I recently decided to upgrade the earphones I use on my iPod. I’d been using an inexpensive pair of JVC earphones after the Apple-supplied ones went on the fritz and they have been serviceable, but I’ve never liked the fit that much and as a consequence I play music at a higher volume due to a lot of the audio bleeding out of the earphones. Fearing a Pete Townsend-like future where I had to crank everything to 11 just to get good volume and making myself deaf in the process, I reckoned that sound-isolating earphones might be the answer.
After some research, I opted for the Shure SE110 earphones. They are described thusly on the product website: “Featuring Balanced MicroSpeakers, these sound isolating earphones deliver optimized audio for a rich, lifelike listening experience. Assorted sleeves and a modular cable provide unmatched comfort and customization.” Sounds good! (ho ho)
My first moment of doubt comes when I observe that the earphone “nozzle” is angled, suggesting that it is meant to be inserted in a specific manner. That strikes me as a bit fiddly for something I just want to slap on. Then I see an illustration of “recommended use” and gape at this composite man wearing the earphones in a way I never have, the cables draped behind the ears. This is the preferred way, Shure says, to keep the cable secure and provide better isolation.
Okay, I am amenable to changing my ways, so I give it a shot. I don’t know if I have defective ears or simply lack coordination but I cannot keep the cable draped over my ear. It keeps sliding off and around and instead of getting a better fit or isolation, I look like I’m having an epileptic fit trying to keep the damn thing hooked over my ear. And I don’t exactly have petite ears, you know?
Since the user guide grudgingly acknowledges that the earphones can be worn the way normal humans prefer, I try that and can at least get them into my ears. Next I discover the cable is way too short. It would work if I duct-taped the iPod to one of my cheeks (the ones on my face, perv) or maybe held it in front of my nose while listening. Shure has covered this, though, and includes an extension cord that extends the length of the cable. All right, I am almost ready to listen to music!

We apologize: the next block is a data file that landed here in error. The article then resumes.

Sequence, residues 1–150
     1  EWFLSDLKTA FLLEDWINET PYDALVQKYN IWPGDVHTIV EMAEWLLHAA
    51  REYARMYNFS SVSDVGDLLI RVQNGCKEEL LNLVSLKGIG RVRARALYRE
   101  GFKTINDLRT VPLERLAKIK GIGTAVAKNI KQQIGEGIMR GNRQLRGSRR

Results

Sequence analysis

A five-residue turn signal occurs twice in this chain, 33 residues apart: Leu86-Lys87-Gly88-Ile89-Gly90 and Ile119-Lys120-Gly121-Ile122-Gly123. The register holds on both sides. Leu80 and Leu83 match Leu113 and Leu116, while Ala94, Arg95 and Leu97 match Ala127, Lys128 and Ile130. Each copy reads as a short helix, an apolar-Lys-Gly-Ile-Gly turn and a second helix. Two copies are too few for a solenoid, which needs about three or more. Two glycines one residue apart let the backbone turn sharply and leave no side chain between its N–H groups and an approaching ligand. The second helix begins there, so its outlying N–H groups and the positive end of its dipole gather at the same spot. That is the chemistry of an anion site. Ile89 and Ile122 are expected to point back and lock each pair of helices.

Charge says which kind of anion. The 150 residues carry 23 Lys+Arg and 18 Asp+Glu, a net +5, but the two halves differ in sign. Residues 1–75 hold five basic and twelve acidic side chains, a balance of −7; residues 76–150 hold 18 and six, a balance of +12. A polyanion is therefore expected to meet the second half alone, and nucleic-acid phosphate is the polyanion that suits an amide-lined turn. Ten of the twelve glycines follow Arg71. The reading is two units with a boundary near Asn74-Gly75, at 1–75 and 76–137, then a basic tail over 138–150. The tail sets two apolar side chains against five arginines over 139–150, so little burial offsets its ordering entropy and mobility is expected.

My final step is to find the best fit with the supplied sound-isolating sleeves. There are two varieties, pliable plastic and foam and each comes in three sizes. The phones have the medium foam sleeves on and I try them but the fit is non-optimal, so I switch to the larger plastic sleeves. Initially the fit seems good so I leave them on and come the weekend, I go to take the bus downtown and whilst waiting, don my new supersonic, form-fitting earphones. And I can’t keep the damn things in my ears. The right one in particular seems to pop out at the slightest movement. They might stay in if my jaw was wired shut. The iPod teases me briefly with excellent sound-isolated music and I note that I can indeed keep the volume much lower. But alas, this is not meant to be. I trudge back home and grab the JVCs, vowing to spend more time with the sleeves later.
Maybe it’s like getting a new pair of shoes. It takes a bit to wear them in, to get comfortable. Maybe I have goofy ears. I’ll try the smaller sleeves or the foam or scotch tape or something. I’m not taking them back, though. I bought them at the Apple store downtown and that place was downright creepy. I’m not stepping foot in there again if I can help it.